I have a hovel, my home, from which I have been pulling the carpets. The wood floors, surely after decades of carpets, are now exposed, and I’m beginning to wonder how one lives with wood floors. I’m thinking of my clumsy propensity to spill and the daily need for dust mopping. I’m wondering about rugs. Most men would turn to their . . . to their designer? their house-cleaner? . . . for help in understanding the needs of wood floors and world of rugs, whereas I picked up instead a book on antique Caucausian prayer rugs that offers neither affordability nor instruction. I need something more fundamental.
The wood floors are only part of the problem. I’ve decided to remodel. It’s a decision brought on by problems with the bathroom while I was away for the year, but it’s essential if the house is to avoid ruin rather than simply teetering in the style category known as “academic shabby.” My aesthetic sense has been directed more toward art hung on walls rather than on the walls themselves. I had never—until this spring—even picked-up to flip the pages of a “life style” or “renovation” magazine, but they became my basic leads in trying—a thousand miles from my house these past months—to understand one’s remodeling choices. My 6 by 8 bungalow bath resists much change but has pushed me to thoughts of tiles and fixtures I would have considered unimaginable just weeks ago. The old bathroom was demolished last week; its pipes and studs are now exposed, and I began to re-imagine the kitchen. My contractor seemed skeptical when I made an appointment to talk about the kitchen, but, with good spirit, he met with me. As we talked, he turned his head only a few times to mumble discreetly, and then he would say things like “that gets expensive” and “it’s holding up your house.”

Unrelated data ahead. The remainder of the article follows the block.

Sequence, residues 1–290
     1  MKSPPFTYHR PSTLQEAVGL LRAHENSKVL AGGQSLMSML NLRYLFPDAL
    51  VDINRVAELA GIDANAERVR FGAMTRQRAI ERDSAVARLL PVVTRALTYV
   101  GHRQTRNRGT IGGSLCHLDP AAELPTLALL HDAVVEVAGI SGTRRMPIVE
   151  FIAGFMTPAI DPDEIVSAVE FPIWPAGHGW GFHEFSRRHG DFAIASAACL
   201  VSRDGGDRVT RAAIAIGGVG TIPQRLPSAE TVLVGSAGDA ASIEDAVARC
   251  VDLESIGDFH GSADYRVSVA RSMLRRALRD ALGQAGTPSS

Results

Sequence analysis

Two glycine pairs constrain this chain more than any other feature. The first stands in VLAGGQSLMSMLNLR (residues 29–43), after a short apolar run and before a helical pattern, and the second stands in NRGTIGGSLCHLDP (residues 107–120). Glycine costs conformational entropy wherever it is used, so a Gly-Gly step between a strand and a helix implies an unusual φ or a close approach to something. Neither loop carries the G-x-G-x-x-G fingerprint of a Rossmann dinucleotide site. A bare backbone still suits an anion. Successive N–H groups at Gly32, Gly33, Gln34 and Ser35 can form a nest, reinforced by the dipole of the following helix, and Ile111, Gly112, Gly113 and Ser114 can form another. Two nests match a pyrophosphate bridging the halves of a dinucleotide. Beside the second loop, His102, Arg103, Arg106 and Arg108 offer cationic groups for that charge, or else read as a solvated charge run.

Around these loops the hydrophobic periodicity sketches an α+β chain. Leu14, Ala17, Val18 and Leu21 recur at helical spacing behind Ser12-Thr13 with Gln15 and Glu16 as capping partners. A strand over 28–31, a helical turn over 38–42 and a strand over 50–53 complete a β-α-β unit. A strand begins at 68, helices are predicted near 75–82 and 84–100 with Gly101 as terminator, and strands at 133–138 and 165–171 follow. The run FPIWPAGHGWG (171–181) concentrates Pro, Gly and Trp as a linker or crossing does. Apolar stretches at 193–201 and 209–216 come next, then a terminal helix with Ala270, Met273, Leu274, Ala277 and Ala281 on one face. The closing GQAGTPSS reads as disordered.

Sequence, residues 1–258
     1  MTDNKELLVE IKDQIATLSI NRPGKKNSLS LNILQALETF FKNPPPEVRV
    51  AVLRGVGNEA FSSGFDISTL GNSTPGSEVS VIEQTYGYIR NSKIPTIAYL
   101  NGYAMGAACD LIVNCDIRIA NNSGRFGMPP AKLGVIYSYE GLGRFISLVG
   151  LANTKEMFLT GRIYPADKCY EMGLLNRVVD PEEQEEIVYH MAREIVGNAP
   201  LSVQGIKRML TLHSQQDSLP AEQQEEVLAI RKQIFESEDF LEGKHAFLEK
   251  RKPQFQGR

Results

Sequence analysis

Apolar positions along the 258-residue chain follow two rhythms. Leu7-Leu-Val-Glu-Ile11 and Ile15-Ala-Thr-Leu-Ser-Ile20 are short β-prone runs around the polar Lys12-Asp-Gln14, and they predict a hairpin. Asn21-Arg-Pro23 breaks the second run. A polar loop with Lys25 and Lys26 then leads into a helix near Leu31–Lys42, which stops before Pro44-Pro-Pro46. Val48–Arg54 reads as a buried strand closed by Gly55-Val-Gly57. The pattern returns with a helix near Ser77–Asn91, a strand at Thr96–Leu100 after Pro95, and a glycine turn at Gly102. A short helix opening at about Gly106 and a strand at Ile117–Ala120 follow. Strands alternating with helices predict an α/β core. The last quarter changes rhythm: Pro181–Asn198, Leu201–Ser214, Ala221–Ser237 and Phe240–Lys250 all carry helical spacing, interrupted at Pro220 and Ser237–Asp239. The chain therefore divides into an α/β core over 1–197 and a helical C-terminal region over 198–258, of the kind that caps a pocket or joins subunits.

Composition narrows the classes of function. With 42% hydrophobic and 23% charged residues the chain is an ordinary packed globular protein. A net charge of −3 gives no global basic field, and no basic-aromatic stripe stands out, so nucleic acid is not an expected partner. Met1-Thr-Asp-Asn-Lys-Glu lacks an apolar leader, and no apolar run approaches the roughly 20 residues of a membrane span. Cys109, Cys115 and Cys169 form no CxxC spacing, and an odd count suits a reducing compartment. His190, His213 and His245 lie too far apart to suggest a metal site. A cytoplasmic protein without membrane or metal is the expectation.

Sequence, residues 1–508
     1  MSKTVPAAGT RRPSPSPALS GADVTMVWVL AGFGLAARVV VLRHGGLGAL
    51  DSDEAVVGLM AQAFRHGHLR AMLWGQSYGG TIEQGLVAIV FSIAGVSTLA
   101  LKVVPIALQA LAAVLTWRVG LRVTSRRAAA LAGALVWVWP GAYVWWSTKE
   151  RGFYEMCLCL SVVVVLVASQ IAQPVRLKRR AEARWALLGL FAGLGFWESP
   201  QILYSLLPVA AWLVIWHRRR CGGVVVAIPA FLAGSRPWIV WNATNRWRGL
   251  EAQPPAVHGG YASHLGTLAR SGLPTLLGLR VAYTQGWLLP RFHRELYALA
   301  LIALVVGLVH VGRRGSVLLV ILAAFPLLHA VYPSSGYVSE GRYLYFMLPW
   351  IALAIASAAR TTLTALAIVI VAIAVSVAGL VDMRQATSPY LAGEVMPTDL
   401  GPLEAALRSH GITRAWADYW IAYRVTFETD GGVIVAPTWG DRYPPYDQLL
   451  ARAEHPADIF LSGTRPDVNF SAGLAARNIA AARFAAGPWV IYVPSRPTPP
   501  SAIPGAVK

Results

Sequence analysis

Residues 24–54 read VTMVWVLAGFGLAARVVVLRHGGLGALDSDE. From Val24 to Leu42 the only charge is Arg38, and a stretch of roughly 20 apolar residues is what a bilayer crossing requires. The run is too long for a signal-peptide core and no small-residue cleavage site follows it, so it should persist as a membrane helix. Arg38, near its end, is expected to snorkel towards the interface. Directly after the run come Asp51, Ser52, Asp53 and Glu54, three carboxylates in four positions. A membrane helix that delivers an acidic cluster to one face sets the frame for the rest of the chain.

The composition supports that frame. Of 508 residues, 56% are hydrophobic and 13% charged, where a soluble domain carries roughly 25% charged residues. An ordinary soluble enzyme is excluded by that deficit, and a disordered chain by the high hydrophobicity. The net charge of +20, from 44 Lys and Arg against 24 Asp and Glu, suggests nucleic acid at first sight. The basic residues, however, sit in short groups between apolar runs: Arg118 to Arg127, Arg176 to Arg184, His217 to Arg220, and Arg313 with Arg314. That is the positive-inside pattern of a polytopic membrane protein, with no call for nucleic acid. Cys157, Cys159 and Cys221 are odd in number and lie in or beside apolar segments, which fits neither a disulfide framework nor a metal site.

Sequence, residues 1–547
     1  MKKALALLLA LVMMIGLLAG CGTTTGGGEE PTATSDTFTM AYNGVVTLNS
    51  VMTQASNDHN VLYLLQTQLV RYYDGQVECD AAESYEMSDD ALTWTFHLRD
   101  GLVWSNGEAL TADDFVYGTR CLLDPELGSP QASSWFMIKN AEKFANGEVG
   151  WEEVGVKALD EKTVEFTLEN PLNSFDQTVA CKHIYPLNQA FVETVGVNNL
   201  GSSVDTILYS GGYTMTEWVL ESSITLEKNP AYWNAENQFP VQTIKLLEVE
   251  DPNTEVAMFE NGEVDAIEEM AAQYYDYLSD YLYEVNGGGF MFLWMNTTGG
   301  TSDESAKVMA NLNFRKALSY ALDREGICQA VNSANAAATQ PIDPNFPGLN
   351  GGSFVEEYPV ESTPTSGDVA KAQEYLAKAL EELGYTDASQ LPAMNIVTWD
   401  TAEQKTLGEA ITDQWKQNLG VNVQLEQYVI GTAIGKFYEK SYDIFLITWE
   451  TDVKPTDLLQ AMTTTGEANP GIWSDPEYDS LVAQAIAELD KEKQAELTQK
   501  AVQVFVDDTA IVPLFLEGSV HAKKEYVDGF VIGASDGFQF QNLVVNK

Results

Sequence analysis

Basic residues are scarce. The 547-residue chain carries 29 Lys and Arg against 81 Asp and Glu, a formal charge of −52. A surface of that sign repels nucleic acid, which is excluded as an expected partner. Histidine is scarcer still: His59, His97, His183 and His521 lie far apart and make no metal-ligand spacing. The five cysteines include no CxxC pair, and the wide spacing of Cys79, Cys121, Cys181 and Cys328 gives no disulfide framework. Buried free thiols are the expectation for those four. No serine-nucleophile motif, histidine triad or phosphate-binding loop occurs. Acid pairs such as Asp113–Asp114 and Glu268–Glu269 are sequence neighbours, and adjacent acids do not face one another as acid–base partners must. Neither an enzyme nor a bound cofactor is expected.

Meanwhile, I’ve taken down the curtains in the library (once a small bedroom); I’ve always preferred light to curtains.